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Am J Prev Med. 2012 Dec;43(6 Suppl 5):S425-34. doi: 10.1016/j.amepre.2012.09.004.

Use of cancer control referrals by 2-1-1 callers: a randomized trial.

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Health Communication Research Laboratory, Brown School, Washington University in St Louis, Missouri 63112-1408, USA.



Callers to 2-1-1 have greater need for and lesser use of cancer control services than other Americans. Integrating cancer risk assessment and referrals to preventive services into 2-1-1 systems is both feasible and acceptable to callers.


To determine whether callers will act on these referrals.


In a randomized trial, 2-1-1 callers (n=1200) received standard service and those with at least one cancer risk factor or need for screening were assigned to receive verbal referrals only, verbal referrals + a tailored reminder mailed to their home, or verbal referrals + a telephone health coach/navigator. All data were collected from June 2010 to March 2012 and analyzed in March and April 2012.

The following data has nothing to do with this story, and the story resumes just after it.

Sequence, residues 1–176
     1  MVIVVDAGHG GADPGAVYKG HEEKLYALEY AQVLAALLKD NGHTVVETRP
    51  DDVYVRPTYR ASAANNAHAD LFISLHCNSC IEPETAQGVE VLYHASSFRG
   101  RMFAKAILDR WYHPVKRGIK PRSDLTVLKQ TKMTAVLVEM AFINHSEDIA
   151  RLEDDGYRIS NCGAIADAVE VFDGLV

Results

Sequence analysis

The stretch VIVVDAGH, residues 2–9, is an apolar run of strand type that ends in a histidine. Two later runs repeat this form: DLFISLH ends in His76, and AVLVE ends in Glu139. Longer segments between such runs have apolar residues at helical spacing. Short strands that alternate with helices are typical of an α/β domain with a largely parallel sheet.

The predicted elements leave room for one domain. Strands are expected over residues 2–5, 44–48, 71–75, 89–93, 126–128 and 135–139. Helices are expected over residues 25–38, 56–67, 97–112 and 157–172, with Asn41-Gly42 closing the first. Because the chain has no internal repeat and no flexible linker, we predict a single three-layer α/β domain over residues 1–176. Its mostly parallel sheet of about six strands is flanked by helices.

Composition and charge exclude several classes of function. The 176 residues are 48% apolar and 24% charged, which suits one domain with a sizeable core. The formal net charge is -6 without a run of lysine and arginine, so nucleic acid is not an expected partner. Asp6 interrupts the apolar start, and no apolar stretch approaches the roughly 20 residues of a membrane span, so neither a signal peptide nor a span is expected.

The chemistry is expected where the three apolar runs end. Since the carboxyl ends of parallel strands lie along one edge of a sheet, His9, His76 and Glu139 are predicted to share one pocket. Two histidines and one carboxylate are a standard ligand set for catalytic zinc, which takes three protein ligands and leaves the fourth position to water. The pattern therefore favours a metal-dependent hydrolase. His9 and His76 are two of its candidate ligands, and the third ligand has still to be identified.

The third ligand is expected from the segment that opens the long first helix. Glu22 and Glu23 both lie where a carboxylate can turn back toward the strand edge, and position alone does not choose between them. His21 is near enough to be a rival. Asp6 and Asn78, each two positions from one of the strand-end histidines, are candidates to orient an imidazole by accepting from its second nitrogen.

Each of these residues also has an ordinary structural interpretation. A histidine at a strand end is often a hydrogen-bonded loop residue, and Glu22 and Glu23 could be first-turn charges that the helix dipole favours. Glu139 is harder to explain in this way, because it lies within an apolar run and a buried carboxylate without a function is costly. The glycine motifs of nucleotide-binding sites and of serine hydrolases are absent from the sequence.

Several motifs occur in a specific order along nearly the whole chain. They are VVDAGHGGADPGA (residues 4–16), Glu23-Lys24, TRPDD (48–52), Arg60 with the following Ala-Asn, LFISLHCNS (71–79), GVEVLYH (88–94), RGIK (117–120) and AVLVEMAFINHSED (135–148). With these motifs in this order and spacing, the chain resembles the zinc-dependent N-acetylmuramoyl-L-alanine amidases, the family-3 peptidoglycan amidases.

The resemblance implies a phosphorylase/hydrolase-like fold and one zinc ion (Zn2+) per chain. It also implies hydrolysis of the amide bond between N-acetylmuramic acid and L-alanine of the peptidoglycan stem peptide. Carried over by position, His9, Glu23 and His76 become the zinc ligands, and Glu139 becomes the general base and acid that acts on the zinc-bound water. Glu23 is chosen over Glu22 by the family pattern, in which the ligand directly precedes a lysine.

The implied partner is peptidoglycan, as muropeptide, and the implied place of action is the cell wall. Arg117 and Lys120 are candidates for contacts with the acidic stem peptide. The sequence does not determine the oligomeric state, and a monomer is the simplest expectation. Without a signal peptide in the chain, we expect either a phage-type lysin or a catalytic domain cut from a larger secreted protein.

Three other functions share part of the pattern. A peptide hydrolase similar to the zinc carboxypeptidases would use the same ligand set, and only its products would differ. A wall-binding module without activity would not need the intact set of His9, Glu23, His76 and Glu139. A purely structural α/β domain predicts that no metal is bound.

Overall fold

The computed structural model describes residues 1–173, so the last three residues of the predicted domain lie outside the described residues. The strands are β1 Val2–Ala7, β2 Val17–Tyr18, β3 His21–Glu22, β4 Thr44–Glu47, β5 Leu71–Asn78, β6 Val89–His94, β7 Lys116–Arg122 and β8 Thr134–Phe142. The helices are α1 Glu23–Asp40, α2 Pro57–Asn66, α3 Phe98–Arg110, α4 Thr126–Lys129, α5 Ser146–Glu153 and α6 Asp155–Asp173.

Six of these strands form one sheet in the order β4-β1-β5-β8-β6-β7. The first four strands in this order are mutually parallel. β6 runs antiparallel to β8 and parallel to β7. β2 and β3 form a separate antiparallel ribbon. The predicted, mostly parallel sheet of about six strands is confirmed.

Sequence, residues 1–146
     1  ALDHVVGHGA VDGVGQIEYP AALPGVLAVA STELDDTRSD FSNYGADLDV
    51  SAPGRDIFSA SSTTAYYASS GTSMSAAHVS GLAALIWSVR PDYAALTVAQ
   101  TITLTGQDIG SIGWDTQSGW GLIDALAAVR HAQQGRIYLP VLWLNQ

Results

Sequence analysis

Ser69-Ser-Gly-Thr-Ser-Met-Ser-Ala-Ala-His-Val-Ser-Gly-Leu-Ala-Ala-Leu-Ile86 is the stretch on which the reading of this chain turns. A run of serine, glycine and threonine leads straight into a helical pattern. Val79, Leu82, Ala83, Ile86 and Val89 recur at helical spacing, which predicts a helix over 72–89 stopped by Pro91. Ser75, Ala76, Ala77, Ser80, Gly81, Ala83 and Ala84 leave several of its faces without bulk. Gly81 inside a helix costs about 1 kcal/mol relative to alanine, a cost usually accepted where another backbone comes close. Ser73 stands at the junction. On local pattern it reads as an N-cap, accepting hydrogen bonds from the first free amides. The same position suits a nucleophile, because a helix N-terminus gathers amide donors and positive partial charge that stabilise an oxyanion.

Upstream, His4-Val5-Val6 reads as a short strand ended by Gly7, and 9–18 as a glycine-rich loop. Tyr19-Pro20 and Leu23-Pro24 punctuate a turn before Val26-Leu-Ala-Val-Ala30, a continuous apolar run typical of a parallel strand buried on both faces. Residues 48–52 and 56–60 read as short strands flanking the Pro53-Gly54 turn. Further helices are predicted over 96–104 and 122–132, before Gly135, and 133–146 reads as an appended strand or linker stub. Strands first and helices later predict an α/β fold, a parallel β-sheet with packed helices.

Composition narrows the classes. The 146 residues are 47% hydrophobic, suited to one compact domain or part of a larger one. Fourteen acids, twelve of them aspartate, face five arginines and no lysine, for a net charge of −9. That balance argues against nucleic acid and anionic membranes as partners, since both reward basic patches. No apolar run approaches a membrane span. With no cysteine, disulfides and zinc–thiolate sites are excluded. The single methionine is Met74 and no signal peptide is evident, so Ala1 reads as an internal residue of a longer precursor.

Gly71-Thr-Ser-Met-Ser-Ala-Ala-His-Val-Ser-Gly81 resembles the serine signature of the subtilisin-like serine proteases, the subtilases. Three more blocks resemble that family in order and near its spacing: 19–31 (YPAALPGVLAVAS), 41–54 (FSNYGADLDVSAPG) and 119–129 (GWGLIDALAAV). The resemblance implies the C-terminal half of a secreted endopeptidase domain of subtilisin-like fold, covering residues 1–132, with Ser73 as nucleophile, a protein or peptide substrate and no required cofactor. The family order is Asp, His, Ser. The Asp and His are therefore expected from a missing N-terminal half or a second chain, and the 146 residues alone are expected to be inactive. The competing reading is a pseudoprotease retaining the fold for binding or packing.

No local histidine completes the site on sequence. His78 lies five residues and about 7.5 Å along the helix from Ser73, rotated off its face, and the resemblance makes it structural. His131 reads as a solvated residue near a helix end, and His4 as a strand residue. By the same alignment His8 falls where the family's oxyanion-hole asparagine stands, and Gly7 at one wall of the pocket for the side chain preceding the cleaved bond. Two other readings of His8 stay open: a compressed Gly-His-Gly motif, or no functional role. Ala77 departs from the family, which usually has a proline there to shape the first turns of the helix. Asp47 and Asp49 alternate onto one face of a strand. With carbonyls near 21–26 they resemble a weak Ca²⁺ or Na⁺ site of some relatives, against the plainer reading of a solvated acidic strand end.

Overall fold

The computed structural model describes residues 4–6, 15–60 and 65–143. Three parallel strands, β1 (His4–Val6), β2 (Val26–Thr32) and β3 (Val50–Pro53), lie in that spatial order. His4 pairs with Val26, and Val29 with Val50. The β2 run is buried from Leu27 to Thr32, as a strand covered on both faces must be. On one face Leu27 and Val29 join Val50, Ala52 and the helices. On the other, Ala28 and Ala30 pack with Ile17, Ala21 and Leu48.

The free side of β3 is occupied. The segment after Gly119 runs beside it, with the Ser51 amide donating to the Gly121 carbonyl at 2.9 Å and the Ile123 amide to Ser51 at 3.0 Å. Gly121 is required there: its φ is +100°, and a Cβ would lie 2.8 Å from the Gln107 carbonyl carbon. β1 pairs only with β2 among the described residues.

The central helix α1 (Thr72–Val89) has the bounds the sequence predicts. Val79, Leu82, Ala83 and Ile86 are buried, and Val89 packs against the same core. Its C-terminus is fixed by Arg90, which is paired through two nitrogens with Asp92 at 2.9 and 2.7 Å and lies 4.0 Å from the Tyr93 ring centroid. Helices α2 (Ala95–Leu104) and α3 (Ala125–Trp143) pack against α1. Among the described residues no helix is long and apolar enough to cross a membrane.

At 1-month follow-up, callers in the navigator condition were more likely to report having contacted a cancer control referral than those receiving tailored reminders or verbal referrals only (34% vs 24% vs 18%, respectively; n=772, p<0.0001). Compared to verbal referrals only, navigators were particularly effective in getting 2-1-1 callers to contact providers for mammograms (OR=2.10, 95% CI=1.04, 4.22); Paps (OR=2.98, 95% CI=1.18, 7.54); and smoking cessation (OR=2.07, 95% CI=1.14, 3.74).


Given the extensive reach of 2-1-1s and the elevated risk profile of their callers, even modest response rates could have meaningful impact on population health if proactive health referrals were implemented nationally.

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